So, these forums are here for you to read, but not to tell us anything in general, what a great !@#$ing genius idea... Not posting on your own god dam forum is the most unintelligent thing anyone in his position can do.


Some blues still do post on these forums and I think it's at least worth getting the word out. Replies are not necessary for attention.
Doubt PvP will ever be balanced, for that to happen they'd have to make PvE and PvP competently different games so to speak. Make one not influence the other but they don't know how to do that I guess.
01/11/2013 06:38 PMPosted by Hobbzok
Doubt PvP will ever be balanced, for that to happen they'd have to make PvE and PvP competently different games so to speak. Make one not influence the other but they don't know how to do that I guess.


It's not so much not knowing how to as it is this bizarre philosophy that the games should be intertwined. We need o show them that this is NOT what the community wants.
01/01/2013 01:23 PMPosted by Infinitea
more accurately, this would have been the correct path for 'initial' design. but since wow isn't in the initial design phase anymore, they would have to retroactively implement this philosophy by removing certain pve moves from the pvp environment. having those pve-only damage moves to tweak and adjust is how pve dps would stay balanced, while not interfering with pvp balance.


There are tons of way to keep pve balanced. The way that you mentioned is one example but they could also implement boss-specific weaknesses. Frost mages not doing enough damage? Increase a boss's frost damage taken by X%. feral druids doing too much damage? decrease a boss's bleed damage taken by X%. Because the receiver of these changes (the boss) is not an actual person, it is a loot easier to implement these changes without an abundance of complaints. Yet another reason that pvp balancing should come first, because pve balancing is just a matter of number tweaking (which can be done boss-specifically) and not often a matter of mechanic changes.
1. Interest:Well Designed Game Mechanics and Uniqueness
While I agree that many classes were made to be homogenized, you must also understand the reasoning behind it. Inevitably there will be a hierarchy of classes in best-worst order, so in true WoW-Gamer fashion, we'll find the class that performs the absolute best and flock to it. This is what astounds me about WoW players, we gripe for something, and once we get it, we hate it. Cookie-cutter comps are mentioned, and in any direction they'll still exist, but the level of "sense" made by picking a particular class for the given comp will vary. Think of traditional TSG versus TSG with a Resto Shaman at the later end of Cataclysm, the hpal version had its strengths and strides, but a resto shaman just made all the more sense with its array of tools. I think nearly anybody that played this game to a fairly competent level would've agreed that any comp with a resto shaman would almost always be better than previous versions. While all classes may have been closely homogenized, there were still the best and worst in the pecking order. Everybody should remember the abundance of RLS, RMP, Thug, and Shadow(shatter)play teams, just to name a few, and everybody should remember saying to other players "just play RLS it's an instant 2200 if you're not retarded".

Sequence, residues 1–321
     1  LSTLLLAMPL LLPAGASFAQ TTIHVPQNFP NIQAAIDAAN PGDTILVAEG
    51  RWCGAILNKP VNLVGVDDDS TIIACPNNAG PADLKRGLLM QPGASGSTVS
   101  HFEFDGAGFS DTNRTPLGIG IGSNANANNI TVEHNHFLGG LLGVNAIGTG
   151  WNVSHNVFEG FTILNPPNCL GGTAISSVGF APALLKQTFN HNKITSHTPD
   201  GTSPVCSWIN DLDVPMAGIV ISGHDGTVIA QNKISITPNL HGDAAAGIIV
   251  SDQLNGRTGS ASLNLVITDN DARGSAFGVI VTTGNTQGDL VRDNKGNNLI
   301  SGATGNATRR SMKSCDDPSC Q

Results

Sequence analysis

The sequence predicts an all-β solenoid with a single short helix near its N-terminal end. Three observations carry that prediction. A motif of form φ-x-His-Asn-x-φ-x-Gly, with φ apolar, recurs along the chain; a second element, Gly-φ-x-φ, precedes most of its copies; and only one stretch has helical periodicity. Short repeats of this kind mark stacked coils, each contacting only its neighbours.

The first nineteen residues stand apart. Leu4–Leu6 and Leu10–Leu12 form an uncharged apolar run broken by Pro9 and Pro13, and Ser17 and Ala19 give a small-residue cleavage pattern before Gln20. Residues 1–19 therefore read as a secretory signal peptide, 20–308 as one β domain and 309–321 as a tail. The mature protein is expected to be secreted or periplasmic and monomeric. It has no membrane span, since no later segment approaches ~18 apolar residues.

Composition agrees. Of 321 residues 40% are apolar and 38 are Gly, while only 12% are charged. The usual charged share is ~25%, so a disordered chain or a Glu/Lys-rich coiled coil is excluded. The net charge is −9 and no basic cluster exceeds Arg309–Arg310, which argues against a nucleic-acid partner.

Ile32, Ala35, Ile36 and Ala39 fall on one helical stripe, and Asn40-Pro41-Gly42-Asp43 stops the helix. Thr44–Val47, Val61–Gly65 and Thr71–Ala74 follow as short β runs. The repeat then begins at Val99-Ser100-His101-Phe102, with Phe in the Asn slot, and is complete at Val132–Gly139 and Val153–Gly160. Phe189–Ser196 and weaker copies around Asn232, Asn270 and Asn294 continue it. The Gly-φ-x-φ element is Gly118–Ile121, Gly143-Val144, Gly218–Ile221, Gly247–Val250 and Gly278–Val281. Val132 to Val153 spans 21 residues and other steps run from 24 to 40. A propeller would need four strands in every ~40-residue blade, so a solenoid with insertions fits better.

See what I mean? We want variety and we want change, but if it isn't a change that puts our particular class or comp in the limelight we completely reject it. "Well I guess (class) is gonna get the shaft this season, guess I'll have to shelf my toon and reroll FOTM this season /rolleyes".

Priests, paladins, monks, shamans, and druids; five healing classes. Take 2 of those classes and make them single target healers with medium-high cast times (not even a weak AoE, HoT, or shield), take 3 classes and give them no mana-regen cooldowns whatsoever, take 2 classes and make them HoT only (no other heals at all), and finally take 4 of the 5 classes and give them horrible survivability.

Do you see the situation that this creates? You now must find the one particular class that has the greatest amount of all of these tools, and no more than 2 will EVER make enough sense to be serious about. Other classes will have their strengths, but they'll remain mediocre in the food chain. We gamers that play any serious time figure out things quickly, and queuing into any team that has the weaker classes will be dead from the start.

Remember when the arena would start and your team would call out what comp you were playing? Shortly after that, when you began to strategize, a lot of "just zerg this class", "sit on this class until we can swap on this class", "hit both dps hard until the healer is OOM or out of CD's", or "just hit anybody and someone will die, we can even split DPS".

This is the ridiculous nature that I'm referring to. Even despite the homogenization, there were still the most sought after classes, and all others weren't even considered.

"LF healer for 3's."
"Rdruid here I'll play."
"Sorry don't want rdruid."

People can use the excuse of a class just not synergizing well with a particular comp, and it's partly true, but it's mostly because the overall weakness of a class. Refer back to "replace this healer with an rsham and instant glad kthx."

TL;DR: Make up your mind about whether or not you want something, and don't gripe whenever you get it and it isn't how you fantasized.
I'm not totally sure what point you're defending so i'll just comment on this part.

01/19/2013 05:41 PMPosted by Káin